The United Nations recognizes the 26th of June as the International Day in Support of Victims of Torture. Torture is a crime under international law, but it persists in many countries around the globe.
Many refugees and asylum-seekers have survived torture in their country of origin. The United States Office of Refugee Resettlement (ORR) estimates that as many as 44% of refugees, asylees, and asylum seekers are either primary or secondary survivors of torture.
The International Rescue Committee (IRC) in Arizona provides a specialized program to aid Survivors of Torture in both Phoenix and Tucson. The Survivors of Torture (SoT) program provides comprehensive case management that addresses the mental health, physical health, social, and legal needs of survivors. In fiscal year 2019, the IRC in Arizona served 113 survivors of torture through the program. These survivors come from many different nations in Africa, Latin America, the Middle East, and Asia.
Survivors often struggle to find stability and a sense of safety in their lives due to the fragile psychological state as a result of the long-lasting effects of torture. The distressed mental and emotional state of clients creates many consistent challenges. The coronavirus pandemic has amplified these mental health challenges by creating fear, isolation, economic instability, and loss.
In response, the IRC provides individual counseling and therapeutic services with licensed clinical therapists. Clinical progress towards stability and recovery can be slow and arduous, but small steps are taken regularly by the clients with the encouragement and support of the clinical team. Recreating a new sense of self and feeling of safety often brings with it a ripple effect in the clients’ life circumstances.
Due to the pandemic, IRC staff have moved to transition services to social distancing to best protect the health of clients. Comprehensive case management as well as therapeutic services are now offered via telephone or electronically. Staff are actively contacting survivors to assess their needs during the pandemic and provide assistance. Staff have delivered food boxes, face masks, and other basic items to survivors in need. The primary goal of this work is helping survivors to find stability during this challenging time.
In addition to direct client programs, staff from the survivors of torture program have worked to raise awareness in the broader community about the issue. In September 2019, the IRC in Arizona held its first multidisciplinary training for service providers and other community agencies to increase knowledge of best practices in serving survivors of torture. In March 2020, IRC in Arizona staff attended advocacy days in Washington DC, where they met with Senators and Representatives from both parties to advocate for survivors of torture.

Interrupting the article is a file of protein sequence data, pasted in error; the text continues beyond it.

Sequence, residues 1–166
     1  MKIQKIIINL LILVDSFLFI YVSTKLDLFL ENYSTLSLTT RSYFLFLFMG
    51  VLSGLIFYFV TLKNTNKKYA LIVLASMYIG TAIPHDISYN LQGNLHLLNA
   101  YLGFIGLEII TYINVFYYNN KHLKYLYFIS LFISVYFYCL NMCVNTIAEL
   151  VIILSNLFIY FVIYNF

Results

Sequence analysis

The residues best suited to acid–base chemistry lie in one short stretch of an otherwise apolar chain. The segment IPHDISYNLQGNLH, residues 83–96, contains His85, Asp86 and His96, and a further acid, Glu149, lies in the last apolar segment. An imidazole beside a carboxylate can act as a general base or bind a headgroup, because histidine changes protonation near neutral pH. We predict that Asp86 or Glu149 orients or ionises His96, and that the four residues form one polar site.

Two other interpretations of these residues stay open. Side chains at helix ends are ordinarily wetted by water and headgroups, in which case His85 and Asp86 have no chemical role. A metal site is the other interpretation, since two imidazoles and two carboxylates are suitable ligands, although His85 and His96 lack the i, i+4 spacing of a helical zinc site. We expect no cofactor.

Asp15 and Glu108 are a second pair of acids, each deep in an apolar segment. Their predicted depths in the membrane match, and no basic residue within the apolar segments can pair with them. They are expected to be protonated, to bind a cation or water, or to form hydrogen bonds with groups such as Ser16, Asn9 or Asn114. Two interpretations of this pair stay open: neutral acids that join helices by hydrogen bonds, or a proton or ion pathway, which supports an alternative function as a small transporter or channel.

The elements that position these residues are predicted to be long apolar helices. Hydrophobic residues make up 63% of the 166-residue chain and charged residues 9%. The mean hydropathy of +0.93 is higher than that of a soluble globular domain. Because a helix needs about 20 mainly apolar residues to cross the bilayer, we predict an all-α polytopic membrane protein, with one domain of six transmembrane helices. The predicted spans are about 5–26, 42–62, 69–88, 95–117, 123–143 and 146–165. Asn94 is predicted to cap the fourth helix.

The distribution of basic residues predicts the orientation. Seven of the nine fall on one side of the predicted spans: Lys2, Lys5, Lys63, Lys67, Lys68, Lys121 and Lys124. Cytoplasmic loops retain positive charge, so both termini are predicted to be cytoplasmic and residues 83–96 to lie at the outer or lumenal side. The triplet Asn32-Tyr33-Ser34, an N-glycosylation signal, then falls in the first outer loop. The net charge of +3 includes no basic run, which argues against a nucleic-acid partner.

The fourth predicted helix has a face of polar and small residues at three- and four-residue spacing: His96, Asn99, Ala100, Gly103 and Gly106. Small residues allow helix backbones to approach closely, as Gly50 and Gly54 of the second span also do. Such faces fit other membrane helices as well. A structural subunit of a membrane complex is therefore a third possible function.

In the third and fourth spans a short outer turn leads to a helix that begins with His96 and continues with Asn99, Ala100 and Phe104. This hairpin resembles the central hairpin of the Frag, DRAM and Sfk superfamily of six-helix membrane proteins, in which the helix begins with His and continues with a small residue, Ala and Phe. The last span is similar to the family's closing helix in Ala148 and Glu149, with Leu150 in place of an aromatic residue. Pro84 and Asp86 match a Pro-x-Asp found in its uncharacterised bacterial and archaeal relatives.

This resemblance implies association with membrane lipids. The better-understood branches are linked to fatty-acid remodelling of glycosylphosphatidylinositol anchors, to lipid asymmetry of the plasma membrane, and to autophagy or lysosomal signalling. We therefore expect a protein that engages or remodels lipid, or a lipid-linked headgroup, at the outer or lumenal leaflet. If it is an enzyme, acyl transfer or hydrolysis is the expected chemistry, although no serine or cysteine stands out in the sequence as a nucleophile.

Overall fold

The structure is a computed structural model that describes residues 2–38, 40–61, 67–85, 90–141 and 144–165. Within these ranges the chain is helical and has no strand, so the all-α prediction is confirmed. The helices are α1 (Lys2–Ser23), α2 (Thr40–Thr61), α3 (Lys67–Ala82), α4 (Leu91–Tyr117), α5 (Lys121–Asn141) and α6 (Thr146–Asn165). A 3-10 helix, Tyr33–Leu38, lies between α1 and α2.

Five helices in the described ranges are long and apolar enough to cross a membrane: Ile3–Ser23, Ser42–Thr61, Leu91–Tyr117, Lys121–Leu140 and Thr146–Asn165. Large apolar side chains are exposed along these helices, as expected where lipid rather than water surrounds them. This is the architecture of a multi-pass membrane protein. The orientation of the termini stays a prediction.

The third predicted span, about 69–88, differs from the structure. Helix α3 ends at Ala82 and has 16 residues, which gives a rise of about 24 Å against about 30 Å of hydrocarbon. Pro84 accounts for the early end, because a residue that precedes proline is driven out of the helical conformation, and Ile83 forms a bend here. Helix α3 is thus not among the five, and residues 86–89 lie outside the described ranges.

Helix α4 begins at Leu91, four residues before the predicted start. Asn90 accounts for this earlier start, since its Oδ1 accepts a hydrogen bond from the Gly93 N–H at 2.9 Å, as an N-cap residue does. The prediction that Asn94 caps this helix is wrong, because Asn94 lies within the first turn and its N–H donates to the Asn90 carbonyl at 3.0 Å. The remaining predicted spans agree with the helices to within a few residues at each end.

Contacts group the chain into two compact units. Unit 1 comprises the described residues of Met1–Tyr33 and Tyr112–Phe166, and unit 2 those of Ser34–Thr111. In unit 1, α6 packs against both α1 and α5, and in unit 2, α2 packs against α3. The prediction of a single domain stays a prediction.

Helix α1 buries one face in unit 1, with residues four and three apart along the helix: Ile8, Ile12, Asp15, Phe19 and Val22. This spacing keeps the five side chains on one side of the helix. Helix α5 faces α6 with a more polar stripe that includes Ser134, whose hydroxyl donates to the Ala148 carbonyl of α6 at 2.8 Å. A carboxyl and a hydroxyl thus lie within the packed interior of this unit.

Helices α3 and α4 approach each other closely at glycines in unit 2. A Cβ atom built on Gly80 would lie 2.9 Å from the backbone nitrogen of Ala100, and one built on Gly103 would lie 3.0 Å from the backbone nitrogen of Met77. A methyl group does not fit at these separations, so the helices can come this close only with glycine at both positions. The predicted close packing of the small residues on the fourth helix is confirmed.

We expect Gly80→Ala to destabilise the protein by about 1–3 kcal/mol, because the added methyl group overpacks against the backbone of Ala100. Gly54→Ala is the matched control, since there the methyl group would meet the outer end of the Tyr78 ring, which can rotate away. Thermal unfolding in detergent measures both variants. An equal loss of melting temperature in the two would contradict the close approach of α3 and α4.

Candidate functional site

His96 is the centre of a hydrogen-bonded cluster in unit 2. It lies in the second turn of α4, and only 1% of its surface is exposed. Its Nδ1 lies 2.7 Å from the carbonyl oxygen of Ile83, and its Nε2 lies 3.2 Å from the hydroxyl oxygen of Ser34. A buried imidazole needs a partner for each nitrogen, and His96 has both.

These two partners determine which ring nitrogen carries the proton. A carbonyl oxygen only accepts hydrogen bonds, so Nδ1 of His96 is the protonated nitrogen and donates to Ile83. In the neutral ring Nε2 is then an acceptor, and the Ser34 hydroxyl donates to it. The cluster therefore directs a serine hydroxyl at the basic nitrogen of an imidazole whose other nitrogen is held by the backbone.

A unique aspect of the survivors of torture program are social outings, which allow survivors to make social connections and explore the broader Arizona community in a safe and healthy way. Social outings have included trips to the Tucson Museum of Art, World Refugee Day celebrations, and the Phoenix Unknown festival. Outings like these have been postponed as a result of the pandemic, but the program continues to connect with survivors remotely.
In January 2020, a group of survivors of torture visited the Desert Botanical Garden in Phoenix, accompanied by Laura Rambikur, Clinical Therapist. Laura recalls how this visit was a moment of healing for one survivor of torture:
“I explored the garden with Agnes*, an asylum-seeker who, like so many of our clients, has survived unimaginable violence. We stopped in front of a Saguaro cactus. Together, we learned that the Saguaro, even after 10 years, may be less than 2 inches tall and that a Saguaro only begins to grow arms after 75 years. We stood gazing up in wonder at the giant before us which stood at least 25 feet with two arms extending up towards the sky.
After some time, I heard Agnes call my name softy and gesture. I followed her gesture to the lower part of the cactus. “Look there,” she said as she noticed a spot where it seemed as though the mighty giant before us had been wounded. “And there,” she said as she pointed out another hole that seemed to be burnt. As she pointed, a bird popped it’s head out of the hole, as if on cue. “It has suffered some pain don’t you think? How is that now, this plant has been injured in some way, and yet, look at how strong it is, despite the injuries. Not just strong, but it is also a home now to others.” I looked over at her and noticed tears in her eyes. I gently put my hand on her shoulder and replied, “It’s truly remarkable, isn’t it?” Agnes nodded and replied, “This beauty is God’s reminder of how I can be too, someday.””
Stories like Agnes’ demonstrate the importance of specialized programs for survivors of torture that create the space to heal. As Laura states: “I am humbled and amazed not just by the resiliency of the clients I serve, but in their ability to see the beauty of hope and the possibility of healing.”
*Agnes is a psuedonym used for client confidentiality.